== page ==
4.2 Research design
Hakim (2000) compares a researcher designing a research project with an architect designing a building. Rajendra kumar (2008) defines research design as a logical and systematic plan prepared for conducting a research study. The research uses qualitative research which is the basis of the study and deductions. The qualitative approach to research is concerend with subjective assesment of attitudes , opinions and behavoiur (kothari ,2008). The understanding of the research design helps to further form the basis for this chapter. 4.2.1 Research approach
There are two types of approaches which are used those are deductive and inductive approaches. The inductive approach is being used here in which the data is collected first and then a theory is developed as a result of data analysis. 4.3 Methods for data collection
The approach used in this research includes both primary and secondary data. Secondary data includes a wide range of existing literature on the issue of branding and quality. This literature may include books, research papers and reports, project or annual reports. Both the qualitative and quantitative information would be gauged from the entire accessible source. In the primary research it would include focus group and high street interviews. Robson (2002) says that collection of primary data can be time consuming and tedious but can be rewarding if the research for information remains close to the issues relevant to the research topic. For the primary data structured qualitative questions were used. 4.3.1 Focus groups
Focus groups, sometimes called a focus group interview, is a group interview that focuses clearly upon a particular issue, product, service or topic and encompasses the need for interactive discussion amongst participants (Carson et al., 2001). For this research a structured questionnaire was used and a group of six respondents were interviewed. The interviews lasted for 25 minutes. The keys issues in the focus group was brand image, their perceptions, clothing quality, current fashion, branded labels, customers loyalty. 4.3.2 High street interviews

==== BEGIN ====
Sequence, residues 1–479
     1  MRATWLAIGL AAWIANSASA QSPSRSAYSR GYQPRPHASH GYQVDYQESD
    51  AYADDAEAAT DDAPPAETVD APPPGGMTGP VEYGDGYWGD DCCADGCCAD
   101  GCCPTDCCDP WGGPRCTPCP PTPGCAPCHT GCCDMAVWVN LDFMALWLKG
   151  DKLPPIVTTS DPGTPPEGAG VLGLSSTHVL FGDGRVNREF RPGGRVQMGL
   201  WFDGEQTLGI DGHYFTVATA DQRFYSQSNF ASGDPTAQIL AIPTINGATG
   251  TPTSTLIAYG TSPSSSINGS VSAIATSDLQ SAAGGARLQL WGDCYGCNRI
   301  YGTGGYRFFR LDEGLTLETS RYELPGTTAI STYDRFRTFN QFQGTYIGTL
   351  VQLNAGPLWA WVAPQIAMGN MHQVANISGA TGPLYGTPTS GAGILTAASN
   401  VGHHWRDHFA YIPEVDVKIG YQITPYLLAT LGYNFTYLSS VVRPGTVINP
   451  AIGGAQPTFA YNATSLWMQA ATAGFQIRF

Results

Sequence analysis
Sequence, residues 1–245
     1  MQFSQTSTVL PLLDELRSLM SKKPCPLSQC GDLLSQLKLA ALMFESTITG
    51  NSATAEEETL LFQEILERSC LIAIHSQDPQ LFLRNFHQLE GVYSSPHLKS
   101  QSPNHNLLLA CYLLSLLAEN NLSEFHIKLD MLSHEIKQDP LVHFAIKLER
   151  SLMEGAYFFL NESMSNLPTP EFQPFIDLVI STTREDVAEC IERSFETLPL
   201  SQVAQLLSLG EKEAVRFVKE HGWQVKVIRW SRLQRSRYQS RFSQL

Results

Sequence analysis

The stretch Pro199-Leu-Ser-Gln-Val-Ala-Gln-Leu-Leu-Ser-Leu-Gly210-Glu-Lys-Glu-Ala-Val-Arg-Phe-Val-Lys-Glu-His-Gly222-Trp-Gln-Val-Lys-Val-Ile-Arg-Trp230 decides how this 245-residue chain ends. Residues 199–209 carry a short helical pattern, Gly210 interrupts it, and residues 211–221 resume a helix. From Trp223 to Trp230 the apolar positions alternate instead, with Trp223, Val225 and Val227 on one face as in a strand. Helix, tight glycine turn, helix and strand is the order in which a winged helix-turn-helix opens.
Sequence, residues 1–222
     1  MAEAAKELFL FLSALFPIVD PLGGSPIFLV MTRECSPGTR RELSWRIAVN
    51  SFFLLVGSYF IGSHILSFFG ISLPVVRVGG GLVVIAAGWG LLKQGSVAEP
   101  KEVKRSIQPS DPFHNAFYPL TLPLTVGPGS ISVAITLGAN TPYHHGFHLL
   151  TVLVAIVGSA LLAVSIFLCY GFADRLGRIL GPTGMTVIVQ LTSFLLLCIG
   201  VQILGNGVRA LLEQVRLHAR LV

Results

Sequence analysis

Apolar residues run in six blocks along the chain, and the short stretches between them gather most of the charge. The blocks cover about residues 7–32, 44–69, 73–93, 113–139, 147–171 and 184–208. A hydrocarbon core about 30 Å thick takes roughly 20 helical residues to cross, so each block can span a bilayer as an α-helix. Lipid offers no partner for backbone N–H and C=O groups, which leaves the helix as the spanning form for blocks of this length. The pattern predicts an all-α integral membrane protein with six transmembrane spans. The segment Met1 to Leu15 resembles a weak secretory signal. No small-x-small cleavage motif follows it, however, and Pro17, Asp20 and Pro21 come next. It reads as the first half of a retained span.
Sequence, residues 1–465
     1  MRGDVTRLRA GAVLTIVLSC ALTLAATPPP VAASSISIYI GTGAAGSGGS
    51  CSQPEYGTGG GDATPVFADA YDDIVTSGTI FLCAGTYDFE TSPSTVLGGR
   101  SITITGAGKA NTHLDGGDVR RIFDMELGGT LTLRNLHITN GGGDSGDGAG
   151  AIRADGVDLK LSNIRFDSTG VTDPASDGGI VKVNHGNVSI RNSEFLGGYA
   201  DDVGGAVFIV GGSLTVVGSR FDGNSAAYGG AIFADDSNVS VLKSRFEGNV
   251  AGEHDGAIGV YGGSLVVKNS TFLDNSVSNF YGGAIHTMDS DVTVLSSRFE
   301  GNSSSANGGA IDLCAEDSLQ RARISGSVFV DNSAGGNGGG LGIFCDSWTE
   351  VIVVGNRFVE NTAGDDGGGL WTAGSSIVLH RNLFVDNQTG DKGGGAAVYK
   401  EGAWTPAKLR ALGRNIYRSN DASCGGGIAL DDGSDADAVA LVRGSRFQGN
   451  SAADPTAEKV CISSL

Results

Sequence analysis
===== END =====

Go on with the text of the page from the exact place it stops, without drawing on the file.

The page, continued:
The high street interview was another form of primary data. Most of the respondents were randomly selected. The interview lasted for 5 -7 minutes and in a structured questionnaire form. This form of data collection seemed to be easy and quick and the respondents were told to opt out anytime they felt like. The interviews were conducted in three days time. The questionnaire used was in the same format used in focus group. 4.4 Methods
Consumer responses reported in previous clothing quality research (O’Neal, 1988; Lennon and Fairhurst, 1994; Hines and O’Neal, 1995) formed the basis for developing the questionnaire used in this study. The questionnaire included statements to assess consumers’ use of informational cues to evaluate clothing quality and their expectations of high-quality garments. The informational cues used in this study were grouped into four categories: Intrinsic cues: concrete characteristics that are inherent within the product; changing these would change the product (examples, fabric and workmanship). Extrinsic cues: concrete characteristics that can be changed without altering the structure of the product (examples, brand and price). Appearance cues: characteristics that affect how the product looks (examples, style and fit). Performance cue: characteristics that affect how the product functions (examples, durability and wrinkle...